IPS Research Fellow Nisha Arunatilake presenting findings of the study while IPS Research Officer Ashani Abayasekara looks on
Pic by Damith Wickramasinghe
By Shabiya Ali Ahlam
Sri Lanka’s free education system that is expected to be the foundation in bridging the expanding talent dearth is far from reaching its goal due to poor teacher recruitment policies set and executed by the government, an in-depth research by a leading economic think-tank revealed.
A report launched by the Institute of Policy Studies (IPS) yesterday highlighted that ad-hoc recruitment practices coupled with poor planning on education spend, despite allocations, is said to have hampered the academic performance at school level, mainly at the General Certificate in Education (GCE) Ordinary Level (O/L) examinations.
Although Sri Lanka has achieved commendable school enrollment and literacy rates, it is noted that concerns continue to mount on the quality of education, which is reflected in poor academic achievements. In 2015, approximately 45 percent of students either failed or only conditionally passed the GCE O/L, a pre-requisite for most further education courses, including the GCE Advanced Level (A/L). According to 2016 data from the Ministry of Education (MOE), the drop in pass rates was attributed to majority of students having failed in mathematics.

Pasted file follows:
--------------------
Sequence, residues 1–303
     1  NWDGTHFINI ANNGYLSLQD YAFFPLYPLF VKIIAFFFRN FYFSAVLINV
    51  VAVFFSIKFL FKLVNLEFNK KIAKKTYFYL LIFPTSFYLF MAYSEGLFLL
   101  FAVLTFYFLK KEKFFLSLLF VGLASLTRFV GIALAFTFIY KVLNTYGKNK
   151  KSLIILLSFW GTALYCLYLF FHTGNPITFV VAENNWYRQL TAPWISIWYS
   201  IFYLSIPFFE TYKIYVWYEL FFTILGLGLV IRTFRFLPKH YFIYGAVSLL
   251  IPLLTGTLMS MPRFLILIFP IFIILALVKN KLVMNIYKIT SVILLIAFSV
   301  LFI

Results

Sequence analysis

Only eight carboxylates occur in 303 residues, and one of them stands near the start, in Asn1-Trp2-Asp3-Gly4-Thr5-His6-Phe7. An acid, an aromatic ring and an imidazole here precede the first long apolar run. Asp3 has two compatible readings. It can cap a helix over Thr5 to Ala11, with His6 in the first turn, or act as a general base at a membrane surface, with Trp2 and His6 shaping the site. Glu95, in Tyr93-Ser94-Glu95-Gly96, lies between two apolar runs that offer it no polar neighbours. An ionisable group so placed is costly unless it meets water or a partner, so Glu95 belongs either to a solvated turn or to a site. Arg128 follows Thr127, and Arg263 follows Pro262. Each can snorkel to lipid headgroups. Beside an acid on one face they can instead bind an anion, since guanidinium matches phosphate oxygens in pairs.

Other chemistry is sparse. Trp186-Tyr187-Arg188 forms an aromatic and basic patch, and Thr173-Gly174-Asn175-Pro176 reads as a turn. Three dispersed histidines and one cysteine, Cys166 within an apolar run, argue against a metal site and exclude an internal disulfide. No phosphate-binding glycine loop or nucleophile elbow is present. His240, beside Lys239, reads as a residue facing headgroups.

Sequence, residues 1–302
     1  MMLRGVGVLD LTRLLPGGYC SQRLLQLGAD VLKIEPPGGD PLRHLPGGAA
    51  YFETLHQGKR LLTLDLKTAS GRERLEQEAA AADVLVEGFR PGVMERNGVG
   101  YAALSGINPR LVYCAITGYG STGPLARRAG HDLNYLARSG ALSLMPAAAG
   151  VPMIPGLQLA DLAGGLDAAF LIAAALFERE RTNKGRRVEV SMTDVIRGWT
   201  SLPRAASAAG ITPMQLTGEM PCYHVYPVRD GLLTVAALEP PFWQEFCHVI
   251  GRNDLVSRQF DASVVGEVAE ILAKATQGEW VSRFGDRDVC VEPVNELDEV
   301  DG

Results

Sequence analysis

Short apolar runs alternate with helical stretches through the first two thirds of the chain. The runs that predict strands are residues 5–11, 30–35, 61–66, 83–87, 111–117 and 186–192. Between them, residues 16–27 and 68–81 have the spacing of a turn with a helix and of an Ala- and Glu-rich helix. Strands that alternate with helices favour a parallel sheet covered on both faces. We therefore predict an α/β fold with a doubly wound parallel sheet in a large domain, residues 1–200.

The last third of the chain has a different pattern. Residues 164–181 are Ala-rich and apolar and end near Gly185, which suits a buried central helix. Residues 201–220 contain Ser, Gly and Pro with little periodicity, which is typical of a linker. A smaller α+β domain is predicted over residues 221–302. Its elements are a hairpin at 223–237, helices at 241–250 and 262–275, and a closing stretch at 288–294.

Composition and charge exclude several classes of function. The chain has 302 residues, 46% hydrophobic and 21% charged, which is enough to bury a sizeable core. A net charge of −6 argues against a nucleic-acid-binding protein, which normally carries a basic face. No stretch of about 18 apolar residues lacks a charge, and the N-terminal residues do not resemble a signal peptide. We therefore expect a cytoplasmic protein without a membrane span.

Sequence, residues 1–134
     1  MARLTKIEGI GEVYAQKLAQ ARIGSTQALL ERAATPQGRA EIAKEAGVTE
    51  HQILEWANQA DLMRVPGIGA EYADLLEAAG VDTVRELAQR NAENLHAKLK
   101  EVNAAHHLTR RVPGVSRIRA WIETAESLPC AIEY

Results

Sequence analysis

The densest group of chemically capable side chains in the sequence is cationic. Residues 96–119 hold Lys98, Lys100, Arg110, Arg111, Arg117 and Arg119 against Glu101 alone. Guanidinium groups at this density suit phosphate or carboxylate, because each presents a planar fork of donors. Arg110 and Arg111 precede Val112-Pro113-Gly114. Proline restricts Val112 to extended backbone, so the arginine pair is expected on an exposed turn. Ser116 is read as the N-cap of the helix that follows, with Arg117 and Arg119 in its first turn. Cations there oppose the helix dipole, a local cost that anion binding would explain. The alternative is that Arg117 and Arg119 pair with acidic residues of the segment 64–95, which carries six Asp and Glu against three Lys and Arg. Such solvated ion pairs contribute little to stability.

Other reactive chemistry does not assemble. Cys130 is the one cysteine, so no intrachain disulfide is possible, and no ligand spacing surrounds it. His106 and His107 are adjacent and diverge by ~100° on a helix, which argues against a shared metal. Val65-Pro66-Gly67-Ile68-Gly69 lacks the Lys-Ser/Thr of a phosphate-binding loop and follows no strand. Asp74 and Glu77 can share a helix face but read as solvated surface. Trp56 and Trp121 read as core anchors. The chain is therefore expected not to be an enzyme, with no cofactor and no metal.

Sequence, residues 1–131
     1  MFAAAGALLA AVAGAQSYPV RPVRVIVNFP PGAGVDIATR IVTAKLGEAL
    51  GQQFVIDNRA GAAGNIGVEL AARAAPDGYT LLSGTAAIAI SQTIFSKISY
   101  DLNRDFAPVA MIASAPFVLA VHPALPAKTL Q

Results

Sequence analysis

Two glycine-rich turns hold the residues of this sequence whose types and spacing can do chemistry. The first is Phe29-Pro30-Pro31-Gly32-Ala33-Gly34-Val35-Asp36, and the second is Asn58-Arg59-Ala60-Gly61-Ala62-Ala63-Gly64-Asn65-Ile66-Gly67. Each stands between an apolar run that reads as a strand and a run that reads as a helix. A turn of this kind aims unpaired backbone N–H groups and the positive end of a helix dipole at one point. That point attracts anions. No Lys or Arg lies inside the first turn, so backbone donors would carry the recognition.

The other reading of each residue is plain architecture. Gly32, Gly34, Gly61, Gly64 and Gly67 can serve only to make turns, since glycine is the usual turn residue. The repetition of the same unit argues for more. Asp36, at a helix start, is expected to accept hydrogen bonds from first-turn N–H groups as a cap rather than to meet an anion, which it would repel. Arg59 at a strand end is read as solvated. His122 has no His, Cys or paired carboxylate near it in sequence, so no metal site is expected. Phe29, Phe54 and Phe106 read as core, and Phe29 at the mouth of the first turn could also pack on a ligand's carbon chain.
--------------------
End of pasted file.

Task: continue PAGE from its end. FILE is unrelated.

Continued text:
Key findings of the study revealed that O/L performance is significantly lower in smaller schools—schools that offer either or only Commerce and Art streams, and schools that have classes up to grade 11.
According to IPS Research Fellow Nisha Arunatilake, this suggests that lower performance is not just due to difference in ability, and requires special attention if the overall pass rate is to improve nationally.
“Schools that report the best O/L results have more than the adequate number of mathematics teachers, while very poor performing schools face teacher shortages. Further, about 44 percent of teachers are both in-field and experienced in better performing schools, but non-in-field and inexperienced in inferior schools,” shared Arunatilake. Highlighted was that the share of in-field and inexperienced mathematics teachers are representatives of recent graduates with required qualification but little or no experience.
It was recommended that measures must therefore be taken to reduce the number of both— non-in-field and in-field inexperienced teachers— while alongside raising the shares of in-field and experienced teachers.
The IPS suggests that the government’s target must be to increase the share of qualified and experienced teachers to at least 80 percent from the current 40 percent.
“The systematic training and recruitment of teachers into ‘teacher service’ is important in this regard,” the report stated.
Furthermore, while it is observed that the largest surplus of teachers is available for English language, with 3,055 teachers morethan required, the worst shortage is experienced for mathematics, followed by science subjects.
This shortage is apparent in all provincial schools. However, a scarcity of English teachers is seen in Northern, Eastern, North Central, Uva, and Sabragamuwa provinces.
While the proposed budget allocations for improving teacher training was commended, it was stressed that the allocations should not only be made for improving training facilities for English teachers, but should give due emphasis on mathematics and science as well.
“This is especially necessary given the emphasis in the budget for improving science, mathematics, and technology training in the country,” Arunatilake said.